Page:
Scandinavian Mountains over 2000 metres - James Baxter
Areas › Smørstabb Massif › 9.3 Saksi (2189m)
Saksi, 2189 m, is a spectacular twin peaked mountain which, along with Storebjørn and Store Smørstabbtind, dominates the jagged skyline in the central part of the Smørstabb massif. From its lofty top three steep arêtes descend and separate the encircling ice sheet into three distinct glaciers.
|The Route from Krossbu Lodge|
Leave Krossbu lodge and cross the bridge over the Bøvre river to reach the camping place on the north side of the small tarn. On the north east side of this tarn the turbulent Leira river tumbles into it. Cross the bridge over this river and immediately start to climb an unmarked path up a grassy slope for a km, keeping 100-200 meters to the south of the Leira river. After 1½ km the path turns south east and climbs away from the Leira river heading up between two rocky buttresses. Follow the path up between these to reach a small shallow valley. The path now veers east again and heads up across moraine debris for another 2 km to reach the south side of the small glacial lake at about 1615 meters elevation. During these two km the path is well cairned as it winds its way through the moraine debris to the lake.
Once at the lake on the edge of the glacier prepare for a glacier crossing and head off in the direction of Kalven keeping just to the north of a pile and then line of moraine. Don't be tempted to descend into a flatter area to the north of the moraine as it is riddled with surface streams. Instead keep along the south of moraine and then head towards the north side of the steep buttress of Kalven. Traverse across the slopes on the north of side Kalven until you are past a spur and a glacial bowl unfolds to the south. Head due across this bowl, climbing gradually towards the north west spur which descends steeply from Skeie. Once you reach the spur from Skeie continue west keeping close to the base of the spur until another glacial bowl unfolds to the south. Again head due west across this bowl towards the obvious Bjørnskardet saddle which is four km from the glacial lake at 1615 metres.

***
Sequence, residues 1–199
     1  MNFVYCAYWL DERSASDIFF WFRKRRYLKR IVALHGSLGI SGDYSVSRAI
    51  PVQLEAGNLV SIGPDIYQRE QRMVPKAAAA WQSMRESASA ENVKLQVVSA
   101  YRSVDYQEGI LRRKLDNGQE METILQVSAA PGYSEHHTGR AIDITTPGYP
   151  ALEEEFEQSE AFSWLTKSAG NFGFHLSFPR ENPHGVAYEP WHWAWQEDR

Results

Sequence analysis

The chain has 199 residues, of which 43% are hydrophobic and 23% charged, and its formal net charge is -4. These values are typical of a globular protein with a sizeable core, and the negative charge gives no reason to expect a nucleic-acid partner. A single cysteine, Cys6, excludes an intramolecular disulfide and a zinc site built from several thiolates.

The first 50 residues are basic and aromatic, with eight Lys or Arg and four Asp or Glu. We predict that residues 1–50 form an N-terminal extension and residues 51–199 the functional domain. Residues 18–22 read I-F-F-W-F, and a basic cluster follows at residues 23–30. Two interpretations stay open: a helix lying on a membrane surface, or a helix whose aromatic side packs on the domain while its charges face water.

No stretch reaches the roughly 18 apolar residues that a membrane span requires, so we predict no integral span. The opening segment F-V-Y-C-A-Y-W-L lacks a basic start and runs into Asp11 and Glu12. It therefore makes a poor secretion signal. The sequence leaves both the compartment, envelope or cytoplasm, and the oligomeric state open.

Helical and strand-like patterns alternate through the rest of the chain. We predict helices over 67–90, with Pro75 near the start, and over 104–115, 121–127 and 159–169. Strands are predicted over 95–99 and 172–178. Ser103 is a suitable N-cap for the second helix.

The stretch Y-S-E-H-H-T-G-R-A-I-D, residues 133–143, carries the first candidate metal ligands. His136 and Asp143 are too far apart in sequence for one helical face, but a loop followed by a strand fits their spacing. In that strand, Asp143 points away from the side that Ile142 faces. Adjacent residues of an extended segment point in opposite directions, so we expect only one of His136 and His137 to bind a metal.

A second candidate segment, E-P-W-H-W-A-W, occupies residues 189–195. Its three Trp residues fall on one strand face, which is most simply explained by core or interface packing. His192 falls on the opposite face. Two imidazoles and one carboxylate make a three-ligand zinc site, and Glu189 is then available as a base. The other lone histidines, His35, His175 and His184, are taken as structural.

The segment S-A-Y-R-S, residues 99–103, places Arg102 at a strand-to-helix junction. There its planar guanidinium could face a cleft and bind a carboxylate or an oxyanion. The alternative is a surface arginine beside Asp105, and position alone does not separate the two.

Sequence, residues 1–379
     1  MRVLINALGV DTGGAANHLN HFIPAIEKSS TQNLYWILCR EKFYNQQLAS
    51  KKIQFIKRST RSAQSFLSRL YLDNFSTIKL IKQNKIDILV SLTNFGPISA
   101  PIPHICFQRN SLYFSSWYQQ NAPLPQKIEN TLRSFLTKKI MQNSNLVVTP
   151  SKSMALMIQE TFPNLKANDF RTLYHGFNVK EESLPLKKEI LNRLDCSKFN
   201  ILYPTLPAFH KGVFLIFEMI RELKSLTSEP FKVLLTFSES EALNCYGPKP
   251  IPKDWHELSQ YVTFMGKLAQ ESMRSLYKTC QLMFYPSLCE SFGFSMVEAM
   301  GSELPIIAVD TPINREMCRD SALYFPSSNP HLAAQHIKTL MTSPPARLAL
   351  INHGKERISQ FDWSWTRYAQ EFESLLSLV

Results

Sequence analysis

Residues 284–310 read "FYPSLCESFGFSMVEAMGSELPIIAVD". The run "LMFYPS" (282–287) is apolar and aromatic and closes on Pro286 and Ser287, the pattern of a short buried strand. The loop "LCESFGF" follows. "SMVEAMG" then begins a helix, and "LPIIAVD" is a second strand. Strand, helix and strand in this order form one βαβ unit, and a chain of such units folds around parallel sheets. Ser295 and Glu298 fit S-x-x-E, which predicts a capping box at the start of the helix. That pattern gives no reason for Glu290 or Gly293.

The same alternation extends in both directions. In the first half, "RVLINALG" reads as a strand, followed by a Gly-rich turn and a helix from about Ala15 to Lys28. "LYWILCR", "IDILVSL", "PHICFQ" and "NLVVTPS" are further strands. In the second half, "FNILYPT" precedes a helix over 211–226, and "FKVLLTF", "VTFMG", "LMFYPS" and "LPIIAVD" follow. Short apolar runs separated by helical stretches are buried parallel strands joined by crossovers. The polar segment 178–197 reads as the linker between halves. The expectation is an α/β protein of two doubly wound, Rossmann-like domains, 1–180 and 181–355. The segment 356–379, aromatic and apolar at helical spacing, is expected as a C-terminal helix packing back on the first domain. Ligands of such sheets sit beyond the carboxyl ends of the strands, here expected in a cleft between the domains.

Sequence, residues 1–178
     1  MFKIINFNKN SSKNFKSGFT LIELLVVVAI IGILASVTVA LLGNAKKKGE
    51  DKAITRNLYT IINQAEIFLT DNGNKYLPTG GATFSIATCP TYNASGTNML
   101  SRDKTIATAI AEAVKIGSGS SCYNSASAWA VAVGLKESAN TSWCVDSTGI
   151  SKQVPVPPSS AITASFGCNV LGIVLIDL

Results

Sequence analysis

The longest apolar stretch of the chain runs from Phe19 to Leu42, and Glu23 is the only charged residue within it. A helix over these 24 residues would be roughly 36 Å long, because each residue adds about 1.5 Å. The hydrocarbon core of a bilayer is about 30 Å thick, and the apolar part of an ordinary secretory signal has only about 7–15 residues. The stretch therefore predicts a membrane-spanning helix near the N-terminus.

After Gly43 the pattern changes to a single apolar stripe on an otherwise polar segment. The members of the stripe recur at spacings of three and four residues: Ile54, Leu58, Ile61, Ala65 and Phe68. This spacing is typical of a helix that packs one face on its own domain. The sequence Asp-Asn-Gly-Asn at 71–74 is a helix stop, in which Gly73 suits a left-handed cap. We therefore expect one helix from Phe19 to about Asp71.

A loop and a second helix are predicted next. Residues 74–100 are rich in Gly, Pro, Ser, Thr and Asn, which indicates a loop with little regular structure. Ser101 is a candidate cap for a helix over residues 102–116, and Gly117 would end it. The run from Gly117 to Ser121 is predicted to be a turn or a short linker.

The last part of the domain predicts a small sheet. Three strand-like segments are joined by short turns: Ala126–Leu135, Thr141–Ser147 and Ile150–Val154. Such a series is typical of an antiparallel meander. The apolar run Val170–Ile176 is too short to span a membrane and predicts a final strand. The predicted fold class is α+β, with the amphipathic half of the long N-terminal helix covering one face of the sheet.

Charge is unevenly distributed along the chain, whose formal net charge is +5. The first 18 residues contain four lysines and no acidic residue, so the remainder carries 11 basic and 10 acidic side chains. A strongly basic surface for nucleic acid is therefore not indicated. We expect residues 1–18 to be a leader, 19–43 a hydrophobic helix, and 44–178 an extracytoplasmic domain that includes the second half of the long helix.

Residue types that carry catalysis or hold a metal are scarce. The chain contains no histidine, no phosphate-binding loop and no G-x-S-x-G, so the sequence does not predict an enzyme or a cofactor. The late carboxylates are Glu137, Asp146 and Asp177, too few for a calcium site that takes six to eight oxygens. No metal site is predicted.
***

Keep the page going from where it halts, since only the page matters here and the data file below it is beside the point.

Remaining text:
From Bjørnskardet head north traversing across the slope of the glacier for another ½ km towards the saddle on the north side of Saksi. As you approach the edge of the glacier look out for the bergschrund which is quite large towards the end of some summers. It is only a short and easy scramble from the glacier up initially loose but then stable boulders to the saddle. From here it is an easy 10 minute stroll to peak 9.13, 2077 metres up the ridge to the north. Saksi however looms steeply to the south.
The ridge initially looks steep, exposed and full of problems. Upon embarking on it however the potential problems tend to be overcome surprisingly easily. In general the ridge is not as exposed as it initially looks and the rock is solid with sufficient good holds for its entirety. About ½ way up there is one four metre section of steep rock with two vertical cracks at each side which are grade III but this crag can be avoided by following a small ledge to the west for five metres then clambering up a 3 metre grade II scramble. As you approach the top after the enjoyable scramble the gradient eases. Just before the top the ridge veers east and there is another 2 metre grade II scramble, which is best taken up the apex of the ridge itself.
From this slightly lower top the main summit is just across beyond a small saddle. The descent into this saddle from the north peak is again an easy grade II scramble for 5 metres. From the saddle head west (right) under the south peak and then corkscrew up to the east to reach the summit of Saksi.
The return is either by the same route or by reversing the alternative ascent route described above down the gully on the west side to reach Bjørnskardet. From here return down Leirbrean to Krossbu. It is of course possible to continue to Leirvassbu lodge via the route described under Sm. 1. in Smørstabb massif introduction. This however goes down the deeply crevassed Bjørnbrean glacier which is a much more serious issue.